Canada: Many Israelis live below poverty line
Some 13,000 Israelis emigrated to Canada in 2000, making it the highest destination for those leaving the country, but their situation is far from good: 14.5 percent live below the poverty line, and 60 percent earn less than the average wage; hundreds returning to Israel every year
Since 2000, around 13,000 Israelis emigrated to Canada, according to a document by the Israeli Home organization in Toronto, run by David Gidron.
In the last three years, around 7,800 Israelis emigrated to Canada, an all-time record. The Absorption Ministry says that Canada has turned into the most preferred destination by Israelis due to its easy immigration rules, compared to the severe procedures for immigration to the United States.
According to Gidron, since 1948, 65,000 Israelis emigrated to Canada.
Most Israelis who arrived in Canada, some 50,000, relocated to Toronto, and now form a quarter of the city's 200,000-strong Jewish population.
It is believed that around 15 – 20,000 of the Israeli immigrants to Canada came from the Soviet Union, from which they emigrated to Israel, before arriving in Canada.
Figures from Israeli Home show that 14.5 percent of the immigrants live beneath the poverty line, and 60 percent earn less than the average salary: 40,000 Canadian dollars a year.
'I am very sorry for Israelis who chose to leave'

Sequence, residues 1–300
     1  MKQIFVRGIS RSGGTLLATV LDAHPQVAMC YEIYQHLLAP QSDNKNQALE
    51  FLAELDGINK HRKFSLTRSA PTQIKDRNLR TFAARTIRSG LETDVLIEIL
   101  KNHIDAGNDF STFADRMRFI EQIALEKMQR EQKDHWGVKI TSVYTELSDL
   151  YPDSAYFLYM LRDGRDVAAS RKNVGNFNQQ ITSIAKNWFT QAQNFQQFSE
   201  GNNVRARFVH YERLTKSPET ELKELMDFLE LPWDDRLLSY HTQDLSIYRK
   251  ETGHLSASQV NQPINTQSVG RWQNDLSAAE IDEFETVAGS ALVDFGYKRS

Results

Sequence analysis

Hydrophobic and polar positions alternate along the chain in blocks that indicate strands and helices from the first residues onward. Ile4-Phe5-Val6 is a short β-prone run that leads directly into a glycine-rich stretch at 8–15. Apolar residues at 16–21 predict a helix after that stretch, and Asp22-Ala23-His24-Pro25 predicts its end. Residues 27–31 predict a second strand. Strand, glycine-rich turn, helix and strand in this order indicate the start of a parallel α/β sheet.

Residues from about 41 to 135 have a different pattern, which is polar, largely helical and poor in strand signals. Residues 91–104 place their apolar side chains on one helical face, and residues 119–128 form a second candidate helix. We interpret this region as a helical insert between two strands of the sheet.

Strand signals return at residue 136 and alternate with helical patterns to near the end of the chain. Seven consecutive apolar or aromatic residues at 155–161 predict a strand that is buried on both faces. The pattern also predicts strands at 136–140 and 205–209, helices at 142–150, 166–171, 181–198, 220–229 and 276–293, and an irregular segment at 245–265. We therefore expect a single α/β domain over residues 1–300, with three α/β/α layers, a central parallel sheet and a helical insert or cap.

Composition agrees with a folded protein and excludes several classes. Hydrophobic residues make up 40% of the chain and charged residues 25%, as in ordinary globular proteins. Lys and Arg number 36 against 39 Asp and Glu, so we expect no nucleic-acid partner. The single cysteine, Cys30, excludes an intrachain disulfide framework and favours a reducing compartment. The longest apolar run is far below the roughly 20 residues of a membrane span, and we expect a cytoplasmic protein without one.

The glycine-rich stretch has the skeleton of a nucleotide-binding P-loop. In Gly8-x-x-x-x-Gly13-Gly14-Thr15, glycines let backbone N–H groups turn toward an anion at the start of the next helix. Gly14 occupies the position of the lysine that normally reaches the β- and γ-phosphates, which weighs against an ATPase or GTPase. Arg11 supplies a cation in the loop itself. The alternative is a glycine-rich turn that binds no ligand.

In addition, the Israeli emigrants feel distant from the Jewish community and have trouble merging into it.
According to Gidron, there is a large cultural gap between the two communities: The Israelis are not aware of their Jewish community and do not educate their children as Jews. Their children do not study at Jewish schools, which are thought of as relatively expensive (10,000 Canadian dollars a year), choosing instead to send their children to public schools.
The Absorption Ministry is encouraged by figures showing a return of Israelis who left for Canada. In the last three years, 600 – 700 Israelis have returned every year. The reason: Reports that the employment and security situation in Israel has improved.
Mirla Gal, Director General of the Absorption Ministry, said: "I am very sorry for the Israelis who chose to leave, but from these figures, it is clear that the neighbor's grass is not necessarily better. Here in Israel, we have home grass."
Article first published in Israel’s leading newspaper Yedioth Ahronoth